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2020 will be remembered for COVID-19 and how impactful the virus has been. I spent the first six weeks in fieldwork in Egypt. In Cairo, I was thrilled to have met my former colleagues and friends – and made new friends. The saddest thing about the fieldwork was the situation of the refugees and I was particularly heartbroken by some of my former ‘clients’ who are stuck in Cairo without any foreseeable future. One of the former clients summed up the refugees’ situation with the following question: ‘Does the world know we exist?’ I still have not figured out how to respond to this question.

After returning to the UK at the end of February, I spent much of the year in a state-sanctioned solitude. Like everyone else, I would spend my days at home. Everything seemed dull and sad. Daily reports of death from the virus meant that newspapers and mainstream media have turned themselves into obituary sites. I lost to COVID-19 one of my best friends in the UK. Words still fail me to express how sad is the feeling of losing your friend and not being able to attend their funeral.

Since the start of the pandemic, I have been involved in trying to help the Eritrean community in the UK to deal with the added challenges the pandemic has brought to the lives of many community members. Alongside many other active community members, I was involved in communicating government guidelines and organising community support to destitute asylum seekers. Here, I am immensely grateful to Tesfalem Yemane with whom I share so much in common. Tesfalem and I believe the challenges the pandemic poses to our communities are still there. With many refugees stranded in multiple axes of indifference, it felt like refugees are forgotten. The rhetorical mantra of ‘We are all in this together’ simply appears to be mere political posturing. Politics aside, it has been incredible to watch communities coming together in the fight against the pandemic. Tesfalem and I are proud to have helped our community by creating a ‘COVID-19 task force’. Among other things, we have helped our community to translate the public health guidelines, raise awareness about the novel virus, understand asylum matters and access welfare schemes.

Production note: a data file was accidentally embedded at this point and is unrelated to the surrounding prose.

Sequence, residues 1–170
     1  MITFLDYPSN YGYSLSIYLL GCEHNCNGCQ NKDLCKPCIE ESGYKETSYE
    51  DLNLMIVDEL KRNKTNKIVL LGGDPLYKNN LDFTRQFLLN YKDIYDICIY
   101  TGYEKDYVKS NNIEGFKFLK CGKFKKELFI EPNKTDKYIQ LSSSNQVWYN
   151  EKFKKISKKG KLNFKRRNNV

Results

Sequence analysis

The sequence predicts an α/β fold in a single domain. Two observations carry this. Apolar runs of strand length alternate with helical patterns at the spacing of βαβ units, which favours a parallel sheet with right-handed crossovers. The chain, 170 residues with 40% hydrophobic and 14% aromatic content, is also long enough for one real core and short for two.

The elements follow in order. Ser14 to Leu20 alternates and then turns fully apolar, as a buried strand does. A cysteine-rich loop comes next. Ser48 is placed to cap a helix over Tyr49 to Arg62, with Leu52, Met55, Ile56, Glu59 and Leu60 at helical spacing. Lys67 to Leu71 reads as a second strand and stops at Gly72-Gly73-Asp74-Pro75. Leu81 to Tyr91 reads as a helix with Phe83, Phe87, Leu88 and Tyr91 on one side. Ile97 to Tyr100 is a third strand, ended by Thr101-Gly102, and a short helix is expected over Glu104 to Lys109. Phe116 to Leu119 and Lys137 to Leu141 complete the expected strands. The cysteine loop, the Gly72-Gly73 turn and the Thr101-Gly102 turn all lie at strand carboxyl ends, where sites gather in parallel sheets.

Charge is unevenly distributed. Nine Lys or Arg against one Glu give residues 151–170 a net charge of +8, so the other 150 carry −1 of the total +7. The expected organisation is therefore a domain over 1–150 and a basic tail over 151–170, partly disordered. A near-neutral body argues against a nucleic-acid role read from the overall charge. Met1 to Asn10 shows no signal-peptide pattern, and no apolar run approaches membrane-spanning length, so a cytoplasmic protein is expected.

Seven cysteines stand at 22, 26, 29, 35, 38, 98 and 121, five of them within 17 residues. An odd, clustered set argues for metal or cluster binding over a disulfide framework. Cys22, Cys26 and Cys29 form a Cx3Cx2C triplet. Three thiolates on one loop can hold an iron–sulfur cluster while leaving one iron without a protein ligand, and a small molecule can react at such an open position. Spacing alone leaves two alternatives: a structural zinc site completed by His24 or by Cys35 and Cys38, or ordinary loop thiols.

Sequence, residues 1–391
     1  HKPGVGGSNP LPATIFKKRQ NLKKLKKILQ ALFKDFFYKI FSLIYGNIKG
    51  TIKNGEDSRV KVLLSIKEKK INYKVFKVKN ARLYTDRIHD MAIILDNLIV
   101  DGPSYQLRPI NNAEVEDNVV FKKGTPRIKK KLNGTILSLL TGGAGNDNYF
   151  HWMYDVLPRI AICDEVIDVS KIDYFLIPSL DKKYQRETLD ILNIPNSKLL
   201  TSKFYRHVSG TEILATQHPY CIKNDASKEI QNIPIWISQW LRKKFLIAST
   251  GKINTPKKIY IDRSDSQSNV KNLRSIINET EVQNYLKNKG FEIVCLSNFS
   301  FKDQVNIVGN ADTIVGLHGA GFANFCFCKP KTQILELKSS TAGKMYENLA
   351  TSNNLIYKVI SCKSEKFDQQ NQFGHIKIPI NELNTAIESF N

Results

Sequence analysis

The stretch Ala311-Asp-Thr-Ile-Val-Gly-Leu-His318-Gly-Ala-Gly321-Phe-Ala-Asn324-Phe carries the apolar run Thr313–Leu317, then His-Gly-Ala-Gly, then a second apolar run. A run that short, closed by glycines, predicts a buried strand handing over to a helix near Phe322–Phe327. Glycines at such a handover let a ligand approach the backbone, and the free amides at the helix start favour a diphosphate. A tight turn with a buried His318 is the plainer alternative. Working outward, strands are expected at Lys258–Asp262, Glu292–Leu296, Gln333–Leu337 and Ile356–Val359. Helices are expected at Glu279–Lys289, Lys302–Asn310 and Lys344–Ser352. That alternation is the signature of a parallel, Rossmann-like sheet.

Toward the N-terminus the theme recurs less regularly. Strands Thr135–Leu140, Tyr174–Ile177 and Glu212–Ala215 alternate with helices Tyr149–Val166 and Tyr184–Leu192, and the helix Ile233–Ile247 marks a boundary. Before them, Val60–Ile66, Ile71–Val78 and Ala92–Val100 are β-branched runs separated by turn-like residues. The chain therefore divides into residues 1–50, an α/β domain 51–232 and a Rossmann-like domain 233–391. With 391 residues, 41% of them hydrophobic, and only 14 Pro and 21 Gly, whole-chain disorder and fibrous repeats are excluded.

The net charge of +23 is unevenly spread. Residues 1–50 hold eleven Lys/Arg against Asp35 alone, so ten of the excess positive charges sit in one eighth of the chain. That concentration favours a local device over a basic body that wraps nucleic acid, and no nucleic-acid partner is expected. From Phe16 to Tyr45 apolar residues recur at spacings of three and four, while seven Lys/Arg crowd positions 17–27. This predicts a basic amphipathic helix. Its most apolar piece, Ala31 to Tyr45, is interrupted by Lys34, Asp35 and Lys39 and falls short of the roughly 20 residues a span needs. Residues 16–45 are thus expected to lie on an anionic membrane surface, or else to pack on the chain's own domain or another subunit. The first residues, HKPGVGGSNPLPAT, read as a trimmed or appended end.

Daily reports of death from the virus meant that newspapers and mainstream media have turned themselves into obituary sites. I lost to COVID-19 one of my best friends in the UK. Words still fail me to express how sad is the feeling of losing your friend and not being able to attend their funeral.

Yet, there were so many positives too. Having already gathered my primary data, staying at home provided me with a perfect opportunity to work on my PhD thesis. I am in a reasonably good position to finish my PhD programme on time. Also, I had the opportunity and privilege to know and work with amazing PhD colleagues. So, special thanks to PGR Team 681.

The lockdown also allowed me to spend much time with my fiancée. We had very many memorable moments watching films, chatting, and cooking Eritrean dishes together. I took the time to help my fiancée to pass the Life in the UK test, which was her main lockdown project.

At a professional level, I enjoyed virtual supervisions and informal chats with my PhD supervisors, Prof. Alison Phipps and Prof. Fergus McNeill. They have been my source of inspiration and support throughout the year. I am forever grateful.

A special thanks also go to my cousin Eden and her family; Rima and her family; Ghergishu and her son; and Elias.

Happy New Year!

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